There is no such thing as a perfect vacuum, though. So boomerangs will still curve, but on a much, much larger scale of distance.
 — MaxwellBuchanan, Dec 31 2019

 // no such thing as a perfect vacuum, //

A close inspection of the 2019 Christmas TV schedules will soon disabuse you of that misconception.
 — 8th of 7, Dec 31 2019

Charge distribution, mass density, reflective surface, there are quite a few dimensions forces can act on. Shape does matter.
 — wjt, Dec 31 2019

You could have a sensible person, and a bot that trawls the HB archive at regular intervals and broadcasts the idea and annos. The sensible person would be repulsed by the stream of idiotic information, and would soon accelerate to super-relativistic velocities in every direction.
 — pocmloc, Jan 02 2020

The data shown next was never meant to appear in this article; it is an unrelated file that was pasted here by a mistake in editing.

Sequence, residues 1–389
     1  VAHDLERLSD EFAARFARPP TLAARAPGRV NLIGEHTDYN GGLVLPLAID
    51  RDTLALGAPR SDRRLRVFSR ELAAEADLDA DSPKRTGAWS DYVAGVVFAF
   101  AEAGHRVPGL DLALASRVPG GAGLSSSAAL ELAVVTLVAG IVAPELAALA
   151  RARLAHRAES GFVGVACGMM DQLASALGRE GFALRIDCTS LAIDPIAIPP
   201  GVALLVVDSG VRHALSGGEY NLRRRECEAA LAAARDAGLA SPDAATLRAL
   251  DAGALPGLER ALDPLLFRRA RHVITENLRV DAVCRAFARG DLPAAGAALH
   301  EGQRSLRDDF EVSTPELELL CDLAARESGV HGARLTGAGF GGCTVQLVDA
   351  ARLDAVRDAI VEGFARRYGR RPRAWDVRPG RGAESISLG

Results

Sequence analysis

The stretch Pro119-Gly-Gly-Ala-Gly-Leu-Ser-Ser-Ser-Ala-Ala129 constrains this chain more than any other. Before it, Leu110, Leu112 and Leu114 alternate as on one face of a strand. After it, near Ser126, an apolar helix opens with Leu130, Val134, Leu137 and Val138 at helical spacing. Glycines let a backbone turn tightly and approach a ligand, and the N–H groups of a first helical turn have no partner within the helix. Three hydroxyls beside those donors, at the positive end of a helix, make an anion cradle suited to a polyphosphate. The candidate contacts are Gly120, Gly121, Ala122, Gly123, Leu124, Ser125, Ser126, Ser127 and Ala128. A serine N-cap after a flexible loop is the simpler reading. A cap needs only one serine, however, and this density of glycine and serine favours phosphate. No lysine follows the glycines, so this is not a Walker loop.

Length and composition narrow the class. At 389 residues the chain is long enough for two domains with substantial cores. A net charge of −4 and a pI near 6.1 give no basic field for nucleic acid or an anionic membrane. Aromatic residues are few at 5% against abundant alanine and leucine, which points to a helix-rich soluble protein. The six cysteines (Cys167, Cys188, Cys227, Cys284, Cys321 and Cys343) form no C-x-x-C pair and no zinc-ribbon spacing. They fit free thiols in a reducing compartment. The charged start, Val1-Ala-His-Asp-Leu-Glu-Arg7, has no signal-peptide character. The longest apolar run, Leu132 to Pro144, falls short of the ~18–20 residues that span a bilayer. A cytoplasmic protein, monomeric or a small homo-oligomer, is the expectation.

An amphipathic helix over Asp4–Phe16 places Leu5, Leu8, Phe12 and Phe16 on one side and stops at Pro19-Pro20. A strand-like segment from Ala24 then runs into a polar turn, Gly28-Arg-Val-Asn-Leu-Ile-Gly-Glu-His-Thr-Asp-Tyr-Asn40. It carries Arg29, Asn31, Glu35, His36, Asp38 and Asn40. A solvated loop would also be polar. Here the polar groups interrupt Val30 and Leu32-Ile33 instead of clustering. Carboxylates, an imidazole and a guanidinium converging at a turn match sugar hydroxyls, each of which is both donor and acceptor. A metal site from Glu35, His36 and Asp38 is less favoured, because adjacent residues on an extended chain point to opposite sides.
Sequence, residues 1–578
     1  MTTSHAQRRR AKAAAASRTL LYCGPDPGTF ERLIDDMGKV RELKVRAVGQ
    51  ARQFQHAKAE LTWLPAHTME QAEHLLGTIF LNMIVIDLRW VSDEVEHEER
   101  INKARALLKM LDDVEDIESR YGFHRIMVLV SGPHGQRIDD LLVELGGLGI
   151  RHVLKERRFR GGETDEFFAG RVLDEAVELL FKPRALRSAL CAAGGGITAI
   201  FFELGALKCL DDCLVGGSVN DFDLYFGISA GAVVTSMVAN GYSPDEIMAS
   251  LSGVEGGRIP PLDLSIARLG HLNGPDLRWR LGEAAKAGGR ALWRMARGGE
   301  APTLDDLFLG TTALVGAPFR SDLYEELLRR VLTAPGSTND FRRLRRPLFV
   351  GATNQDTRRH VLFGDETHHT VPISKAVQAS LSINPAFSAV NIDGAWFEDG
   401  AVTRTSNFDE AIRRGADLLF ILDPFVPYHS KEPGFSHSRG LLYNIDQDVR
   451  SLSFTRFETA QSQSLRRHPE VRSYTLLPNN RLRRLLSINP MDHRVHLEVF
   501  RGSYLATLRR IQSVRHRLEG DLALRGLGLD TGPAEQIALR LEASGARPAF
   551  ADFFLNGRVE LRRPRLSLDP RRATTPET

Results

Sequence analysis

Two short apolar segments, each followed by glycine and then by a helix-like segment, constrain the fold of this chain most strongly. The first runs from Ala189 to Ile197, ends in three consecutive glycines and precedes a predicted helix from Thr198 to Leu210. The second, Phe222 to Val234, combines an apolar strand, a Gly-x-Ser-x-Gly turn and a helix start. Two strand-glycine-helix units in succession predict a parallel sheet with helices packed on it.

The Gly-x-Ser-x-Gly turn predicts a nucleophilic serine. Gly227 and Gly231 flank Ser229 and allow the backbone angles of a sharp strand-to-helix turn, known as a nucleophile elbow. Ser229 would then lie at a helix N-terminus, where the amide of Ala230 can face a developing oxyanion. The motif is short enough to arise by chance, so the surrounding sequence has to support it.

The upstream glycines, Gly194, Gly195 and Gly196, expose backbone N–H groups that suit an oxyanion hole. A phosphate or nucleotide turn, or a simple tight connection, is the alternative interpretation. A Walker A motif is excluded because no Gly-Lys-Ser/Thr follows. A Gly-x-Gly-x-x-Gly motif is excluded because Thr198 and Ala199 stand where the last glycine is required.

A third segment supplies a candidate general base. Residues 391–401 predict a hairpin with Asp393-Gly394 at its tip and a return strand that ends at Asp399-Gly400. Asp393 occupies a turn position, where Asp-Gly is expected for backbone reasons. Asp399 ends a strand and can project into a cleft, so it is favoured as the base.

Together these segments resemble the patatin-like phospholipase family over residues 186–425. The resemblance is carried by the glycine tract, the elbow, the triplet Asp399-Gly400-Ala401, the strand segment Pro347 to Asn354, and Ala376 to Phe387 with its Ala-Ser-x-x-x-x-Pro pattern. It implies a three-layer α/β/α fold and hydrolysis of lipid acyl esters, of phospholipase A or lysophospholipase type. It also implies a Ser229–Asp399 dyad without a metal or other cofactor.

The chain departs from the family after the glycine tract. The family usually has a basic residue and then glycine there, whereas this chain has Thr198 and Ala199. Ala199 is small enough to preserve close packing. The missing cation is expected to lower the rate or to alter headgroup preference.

// a sensible person //

Sp. "Unobtanium" ...
 — 8th of 7, Jan 02 2020

Until it is partially obtained. Given we have gone from the Wright Flyer to a space shuttle in under a 100 years, another few hundred, at exponential human and machine logic, what seems magic and impossible may become commonplace.
 — wjt, Jan 03 2020

 // If the rocket is going at 1000mph, you eject the mass at 1000mph, again leaving the ejected mass stationary. In this way, the ejected mass is always stationary and hence has no kinetic energy, meaning that all the work has been transferred to the rocket. //

That's nonscience. There is no such thing as absolute position in space, which means there can be no such thing as absolute velocity or kinetic energy (which is dependent on velocity) either. All positions, velocities, and kinetic energies are relative to external objects.
 — notexactly, Jan 03 2020

Yep, that was a flaw in my reasoning. I guess, if anything, you'd worry about the velocity relative to the rocket (in which case the whole argument falls apart).
 — MaxwellBuchanan, Jan 03 2020

Wouldn't quantum foamed virtual particles pairs be fixed in space? The further, energetically speaking, away from returning to the natural foamy balance, the harder the position would be to move. A fleeting space-time fabric spike. if such a thing could be generated.
 — wjt, Jan 03 2020